I am in Memphis cleaning & repairing two Vandercooks, a 4 and a Uni III. The operator of the III tells me the motor jumps (or rather jolts) itself randomly during a press run and there appears to be a little bit of slack in the chain. I tested it out and sure enough it happened for me while I had the press on cycle & run modes. Having experience this problem myself while similar presses power Universals I always lessened the problem (if not got rid of it entirely) by adjusting the carriage speed and/or making sure my ink wasn’t drying out on press.
Since there’s a wee bit of slack in the chain this Uni’s operator is suggesting that I shorten the chain. My feeling is it has something to do with the clutch and that shorten the chain will be a headache and a waste of time, or worse . . . it’ll do some damage to the press. Anyhow . . . is there anyone out there with some experience with these Universal clutch adjustments and/or jumpy, jolty motors? I’d appreciate any input as I have a couple more days of work here cleaning, cleaning, cleaning.
Also, while I have your attention . . . the 4 is in need of a few parts. I’ve identified all the parts this school will need, but I am without a good reference to the small parts inside the inking rollers (the thin tubes in front and behind the oscillating cylinder). These are small collars (wood? plastic? I’ve never been sure. I had two pair made a local machine shop for m old 4 years ago.) that fit around the inking system roller frame and keep the inking rollers from slopping around and hurting themselves. Anyone have a good reference for these parts?
reporting live from the Bluff City of W.C. Handy, Gus Cannon, Jerry “The King” Lawler, and Prince Mongo.
I recently had my Universal IV sort of sputtering during the run. On occasion the carriage would stop for no reason right in the middle of its journey down the bed. Standing on the drive-side of the press trying to figure out the cause, I happened to kicked the cable which powers the motor, and the press took off again. I called an electrician, and he confirmed that there were breaks in the wires within the cables. We would run the press while he shook the cable back and forth, which seemed to prove that it was a problem with the electricity going to the motor. He worked on it for a little while, replacing and patching, and then the press ran beautifully again. I think it cost me $160.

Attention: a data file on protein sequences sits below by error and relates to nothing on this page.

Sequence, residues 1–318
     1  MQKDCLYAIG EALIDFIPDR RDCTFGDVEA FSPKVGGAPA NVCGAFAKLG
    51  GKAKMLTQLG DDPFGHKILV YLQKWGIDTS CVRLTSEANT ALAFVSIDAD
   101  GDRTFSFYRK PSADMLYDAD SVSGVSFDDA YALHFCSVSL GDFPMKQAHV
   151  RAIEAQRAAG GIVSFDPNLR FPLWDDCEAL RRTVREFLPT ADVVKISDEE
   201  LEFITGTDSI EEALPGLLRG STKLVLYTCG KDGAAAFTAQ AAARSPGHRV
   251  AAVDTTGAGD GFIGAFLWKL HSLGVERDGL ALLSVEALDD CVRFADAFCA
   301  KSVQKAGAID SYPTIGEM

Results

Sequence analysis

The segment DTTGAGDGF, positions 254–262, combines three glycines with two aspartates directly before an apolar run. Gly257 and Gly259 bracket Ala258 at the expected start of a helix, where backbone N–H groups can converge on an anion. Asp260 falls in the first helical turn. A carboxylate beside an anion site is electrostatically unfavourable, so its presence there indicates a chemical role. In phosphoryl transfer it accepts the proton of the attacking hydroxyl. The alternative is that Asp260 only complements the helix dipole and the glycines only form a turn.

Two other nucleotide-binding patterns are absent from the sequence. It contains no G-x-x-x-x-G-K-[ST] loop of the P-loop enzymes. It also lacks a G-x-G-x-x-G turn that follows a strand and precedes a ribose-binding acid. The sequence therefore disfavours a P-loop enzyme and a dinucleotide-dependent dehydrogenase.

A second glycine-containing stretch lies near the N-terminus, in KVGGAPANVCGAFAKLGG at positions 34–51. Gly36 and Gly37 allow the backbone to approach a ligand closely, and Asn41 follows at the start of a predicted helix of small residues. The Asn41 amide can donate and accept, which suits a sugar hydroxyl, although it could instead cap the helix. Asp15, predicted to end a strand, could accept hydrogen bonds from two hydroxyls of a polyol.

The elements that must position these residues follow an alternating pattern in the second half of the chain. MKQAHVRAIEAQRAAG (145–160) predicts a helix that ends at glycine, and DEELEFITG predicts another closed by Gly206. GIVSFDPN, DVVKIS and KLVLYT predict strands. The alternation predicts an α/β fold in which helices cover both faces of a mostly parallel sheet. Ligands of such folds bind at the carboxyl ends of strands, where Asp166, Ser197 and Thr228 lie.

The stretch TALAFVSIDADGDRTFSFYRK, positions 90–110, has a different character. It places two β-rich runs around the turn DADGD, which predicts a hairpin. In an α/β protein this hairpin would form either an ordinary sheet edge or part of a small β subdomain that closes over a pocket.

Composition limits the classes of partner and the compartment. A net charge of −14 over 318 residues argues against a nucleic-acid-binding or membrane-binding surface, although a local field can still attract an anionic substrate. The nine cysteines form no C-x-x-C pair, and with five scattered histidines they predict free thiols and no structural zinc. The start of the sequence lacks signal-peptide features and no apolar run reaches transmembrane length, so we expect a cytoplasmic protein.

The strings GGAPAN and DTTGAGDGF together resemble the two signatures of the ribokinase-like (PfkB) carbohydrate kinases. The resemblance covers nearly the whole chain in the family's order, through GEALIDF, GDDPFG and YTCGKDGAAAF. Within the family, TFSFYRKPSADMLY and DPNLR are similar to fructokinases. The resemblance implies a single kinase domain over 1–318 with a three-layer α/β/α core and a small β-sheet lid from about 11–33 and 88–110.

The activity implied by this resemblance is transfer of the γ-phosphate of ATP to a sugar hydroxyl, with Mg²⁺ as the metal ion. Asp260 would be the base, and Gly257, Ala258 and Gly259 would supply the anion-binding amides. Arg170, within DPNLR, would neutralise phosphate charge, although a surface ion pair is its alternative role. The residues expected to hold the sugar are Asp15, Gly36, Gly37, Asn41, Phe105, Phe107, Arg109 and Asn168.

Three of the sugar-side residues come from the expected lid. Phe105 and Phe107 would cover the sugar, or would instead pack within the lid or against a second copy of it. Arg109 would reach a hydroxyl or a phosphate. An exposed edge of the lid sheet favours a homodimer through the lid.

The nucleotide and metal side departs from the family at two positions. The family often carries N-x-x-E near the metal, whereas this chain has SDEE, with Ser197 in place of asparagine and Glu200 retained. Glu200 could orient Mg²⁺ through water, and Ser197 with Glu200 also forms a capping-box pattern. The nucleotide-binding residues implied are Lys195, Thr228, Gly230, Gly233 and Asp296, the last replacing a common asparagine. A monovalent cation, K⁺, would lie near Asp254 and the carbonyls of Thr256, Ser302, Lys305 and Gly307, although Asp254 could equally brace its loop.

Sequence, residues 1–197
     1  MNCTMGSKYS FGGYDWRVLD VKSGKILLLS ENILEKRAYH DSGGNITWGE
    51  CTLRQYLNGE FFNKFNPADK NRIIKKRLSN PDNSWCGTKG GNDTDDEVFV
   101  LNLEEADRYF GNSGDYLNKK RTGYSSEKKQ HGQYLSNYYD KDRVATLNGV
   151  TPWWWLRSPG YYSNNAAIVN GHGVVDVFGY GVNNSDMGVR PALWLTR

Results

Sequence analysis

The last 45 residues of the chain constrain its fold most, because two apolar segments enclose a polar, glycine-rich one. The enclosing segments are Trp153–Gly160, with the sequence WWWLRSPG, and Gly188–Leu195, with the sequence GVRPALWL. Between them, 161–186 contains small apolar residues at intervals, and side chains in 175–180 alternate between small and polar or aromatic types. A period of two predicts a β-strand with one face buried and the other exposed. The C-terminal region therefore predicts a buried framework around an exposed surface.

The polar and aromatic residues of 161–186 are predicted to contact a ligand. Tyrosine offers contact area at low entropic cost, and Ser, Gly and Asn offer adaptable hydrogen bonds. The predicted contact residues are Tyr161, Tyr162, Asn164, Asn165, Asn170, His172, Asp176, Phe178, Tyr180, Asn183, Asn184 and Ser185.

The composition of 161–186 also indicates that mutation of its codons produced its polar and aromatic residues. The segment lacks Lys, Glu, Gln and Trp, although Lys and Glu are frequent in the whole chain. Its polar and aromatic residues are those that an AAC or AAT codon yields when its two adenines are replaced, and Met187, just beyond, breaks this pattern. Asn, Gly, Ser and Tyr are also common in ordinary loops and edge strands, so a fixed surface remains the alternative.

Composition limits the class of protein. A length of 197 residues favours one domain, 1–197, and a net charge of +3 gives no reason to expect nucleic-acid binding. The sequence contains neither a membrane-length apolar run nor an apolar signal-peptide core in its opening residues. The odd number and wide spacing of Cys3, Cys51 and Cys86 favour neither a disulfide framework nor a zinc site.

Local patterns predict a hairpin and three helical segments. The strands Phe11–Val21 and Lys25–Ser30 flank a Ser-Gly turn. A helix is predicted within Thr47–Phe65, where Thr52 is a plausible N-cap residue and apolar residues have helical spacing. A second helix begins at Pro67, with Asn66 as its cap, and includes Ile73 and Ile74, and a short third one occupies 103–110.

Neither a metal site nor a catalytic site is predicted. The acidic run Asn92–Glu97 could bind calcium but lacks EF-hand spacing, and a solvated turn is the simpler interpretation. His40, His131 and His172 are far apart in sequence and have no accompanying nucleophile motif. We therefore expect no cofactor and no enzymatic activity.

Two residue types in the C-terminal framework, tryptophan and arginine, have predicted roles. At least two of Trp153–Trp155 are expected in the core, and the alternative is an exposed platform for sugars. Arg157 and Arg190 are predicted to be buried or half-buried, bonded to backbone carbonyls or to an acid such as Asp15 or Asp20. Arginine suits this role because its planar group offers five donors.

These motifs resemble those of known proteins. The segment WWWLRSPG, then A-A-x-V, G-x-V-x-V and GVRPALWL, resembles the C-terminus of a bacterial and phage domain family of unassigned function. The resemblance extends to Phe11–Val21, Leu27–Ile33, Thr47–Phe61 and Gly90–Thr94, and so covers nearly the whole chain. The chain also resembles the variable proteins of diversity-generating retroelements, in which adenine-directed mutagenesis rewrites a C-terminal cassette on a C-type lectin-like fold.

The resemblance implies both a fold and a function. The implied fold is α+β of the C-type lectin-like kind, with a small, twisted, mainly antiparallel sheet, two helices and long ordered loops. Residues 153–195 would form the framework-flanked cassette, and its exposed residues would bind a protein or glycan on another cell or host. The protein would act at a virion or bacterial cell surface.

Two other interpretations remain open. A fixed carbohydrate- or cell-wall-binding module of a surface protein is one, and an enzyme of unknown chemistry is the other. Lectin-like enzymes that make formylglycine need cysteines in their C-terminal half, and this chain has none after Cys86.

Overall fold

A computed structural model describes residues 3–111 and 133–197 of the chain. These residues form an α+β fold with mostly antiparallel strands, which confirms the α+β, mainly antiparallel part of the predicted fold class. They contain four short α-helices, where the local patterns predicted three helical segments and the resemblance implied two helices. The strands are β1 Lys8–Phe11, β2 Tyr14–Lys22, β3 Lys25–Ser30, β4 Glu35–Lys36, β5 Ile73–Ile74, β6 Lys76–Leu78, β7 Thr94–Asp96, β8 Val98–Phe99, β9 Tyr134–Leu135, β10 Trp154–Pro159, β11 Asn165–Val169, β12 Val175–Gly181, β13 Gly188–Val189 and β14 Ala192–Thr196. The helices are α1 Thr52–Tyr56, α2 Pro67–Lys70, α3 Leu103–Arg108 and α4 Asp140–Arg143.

I have seen the power Uni III get a bit jumpy if the variac starts to get tired. If you adjust the speed a bit slower or faster it will suddenly run better.
I’m no electrician, but I’ve had temporary success in alleviating the symptoms by cleaning the contacts on the back of it with electrical contact cleaner.
The Arm Letterpress
Re: Chain issue.
I have a Universal 2, which is much like the Uni 3 and have had a similar problem with slack in the chain. Do not shorten chain (huge headache)! I found two things that may help:
1-You may have a tight link in the chain, so it sticks/skips in one particular spot. If so, get some slack on the chain and bend it against the way it runs to loosen it (and oil it).
2-Move the motor back. If it is the same as mine the motor sits on a bracket which is bolted to the frame. If you can slide back a bit, do so, if not remove the whole bracket and slip washers on each bolt before re-attaching.
Greetings from a former Memphian! Haven’t thought about Prince Mongo in years, and very few people in Chicago seem to know who Jerry “the King” Lawler is. To your query regarding the Vandy 4: I think the small parts you were referring to are nyliners. They are referenced in the article “Common Vandercook Operator Errors” by Paul Moxon which is posted on this site. I didn’t have to replace them, so I don’t have a supplier, but maybe this information will help you.
The rider rollers on the ink drum assembly have wood bearings, and I stock them. As for the jumpy motor, I can’t really say. Clutch maybe–the clutch plates do wear and those are still made but expensive, and again, I have a set in stock. Perhaps the clutch spring is bad or broken, then there’s the worm drive inside the gear transfer case–one steel worm and a bronze one. The bronze worm can eventually strip out causing something like what you describe. Again, not a cheap part but I have 2 of the bronze worms in stock and I think they may be the ones for the Univ III clutch. If a motor problem, it may require rewinding, perhaps new bearings but in any case, never throw away a Vandercook motor–there generally are no replacements and they have to be rebuilt.